This is the one hundred seventeenth entry in the Scratching That Itch series, wherein I randomly select and write about one of the 1741 games and game-related things included in the Bundle for Racial Justice and Equality. The Bundle raised $8,149,829.66 split evenly between the NAACP Legal Defense and Education Fund and Community Bail Fund, but don’t worry if you missed it. There are plenty of ways you can help support the vital cause of racial justice; try here for a start. This particular post is also an honorary entry in the Keeping Score series about games and their soundtracks. Lastly, as always, you may click on images to view larger versions.

Another random selection from the Bundle for Racial Justice and Equality has appeared, smelling of freshly cut grass. It’s Greg the Clumsy Ghost, by indiegesindel, and its tagline in the bundle reads:

A small puzzle-like lawn mowing adventure

When there’s too much grass growing on your lawn, who you gonna call?

Greg the Clumsy Ghost was a submission to Paint Jam 2018, a game jam in which creators were encouraged to use only Microsoft Paint for their game art. The version in the bundle is slightly expanded compared to the original submission that was made in a 49-hour window, but Greg the Clumsy Ghost is still a simple and short game, with only 15 brief levels. That didn’t surprise me, but the fact that it has little to do with ghosts, or clumsiness, did. Instead, as the tagline suggests, it’s a game about mowing lawns. Tourists in Greg’s forest keep ignoring his warning signs and dying, you see, so he’s decided to improve visibility by mowing the tall grass. That’s where the player comes in.

Levels are laid out on a square grid, with tiles of long grass, rocks, collectible rings, and even portals. Players must move the lawnmower one tile at a time in the four cardinal directions until all the grass has been mowed. There’s a time limit for each level, so it helps to be efficient when clearing grass, and since levels end as soon as the last grass tile is mowed, clever players will make sure they snag the ring in each level before finishing off the grass. Strangely, movement is mapped to the WASD keys rather than (or in addition to) the arrow keys, which meant I was using my non-dominant hand to play, but for me this just made things a bit more frantic. Given the tile-based movement, I was expecting something essentially turn-based, but the constantly ticking clock means there’s no time to dawdle, and the simple levels gain some nice tension as a result. Greg the Clumsy Ghost isn’t particularly difficult, but I had fun mowing grass for its short running time.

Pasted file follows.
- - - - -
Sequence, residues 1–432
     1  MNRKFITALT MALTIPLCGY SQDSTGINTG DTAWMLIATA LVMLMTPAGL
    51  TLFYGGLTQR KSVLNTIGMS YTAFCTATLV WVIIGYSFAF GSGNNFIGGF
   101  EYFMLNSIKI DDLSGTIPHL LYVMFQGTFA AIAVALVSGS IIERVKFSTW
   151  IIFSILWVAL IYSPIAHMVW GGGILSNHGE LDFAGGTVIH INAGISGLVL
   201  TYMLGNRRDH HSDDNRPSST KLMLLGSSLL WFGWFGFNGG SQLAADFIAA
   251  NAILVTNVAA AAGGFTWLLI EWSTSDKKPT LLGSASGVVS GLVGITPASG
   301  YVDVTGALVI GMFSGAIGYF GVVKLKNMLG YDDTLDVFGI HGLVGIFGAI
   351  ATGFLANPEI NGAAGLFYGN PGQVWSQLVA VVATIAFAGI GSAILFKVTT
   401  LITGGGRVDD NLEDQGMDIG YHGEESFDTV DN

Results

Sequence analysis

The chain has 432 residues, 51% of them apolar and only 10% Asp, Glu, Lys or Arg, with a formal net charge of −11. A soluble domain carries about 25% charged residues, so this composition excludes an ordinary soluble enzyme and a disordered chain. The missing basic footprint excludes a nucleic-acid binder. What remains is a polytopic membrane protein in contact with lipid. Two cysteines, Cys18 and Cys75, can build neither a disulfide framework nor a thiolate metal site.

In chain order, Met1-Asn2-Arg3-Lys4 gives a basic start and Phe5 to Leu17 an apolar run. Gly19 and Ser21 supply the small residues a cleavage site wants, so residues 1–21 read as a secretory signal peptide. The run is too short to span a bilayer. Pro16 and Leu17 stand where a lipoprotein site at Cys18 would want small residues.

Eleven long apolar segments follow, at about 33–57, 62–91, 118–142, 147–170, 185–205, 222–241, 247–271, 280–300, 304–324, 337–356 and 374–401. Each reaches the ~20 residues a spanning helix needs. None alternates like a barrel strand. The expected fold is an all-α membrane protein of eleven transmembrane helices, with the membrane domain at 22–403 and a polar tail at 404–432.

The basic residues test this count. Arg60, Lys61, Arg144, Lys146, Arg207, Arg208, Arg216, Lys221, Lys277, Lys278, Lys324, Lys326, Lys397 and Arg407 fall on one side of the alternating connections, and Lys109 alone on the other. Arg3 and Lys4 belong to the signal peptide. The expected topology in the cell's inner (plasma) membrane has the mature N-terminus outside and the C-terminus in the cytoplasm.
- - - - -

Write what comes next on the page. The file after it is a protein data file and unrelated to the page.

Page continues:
The Score:

Impressively, developers indiegesindel also created a custom soundtrack for the game, presumably within the allotted 49 hours. The music is included with the game download from, in .wav format. There’s not much of it: the eight tracks span only four minutes and twenty-three seconds in total, with most between twenty and forty seconds long. The longest track (at one minute thirteen seconds) is the one titled “Trailer” which presumably accompanies a trailer for the game, and reuses several of the other pieces in a medley of sorts. So for those counting actual original music, the total running time is even shorter. But, for a jam game that only takes about fifteen minutes to play through, what’s here is plenty.

The music is somewhere between chiptune and more modern lo-fi synth music, with some reverb that true chiptune music would not have. It’s appropriately jaunty, dominated by the “Gameplay” track which morphs into the track “Intense” partway through levels. Other music is reserved for menus, victory or defeat screens, and the like. A single melodic motif runs through most of it, acting as a theme for Greg’s lawnmowing adventure.

Both the game and the music are brief, but pleasant enough. And don’t worry if you missed it in the bundle, because Greg the Clumsy Ghost (and its soundtrack) is offered for any price you wish to pay, including free.

That’s 117 down, and only 1624 to go!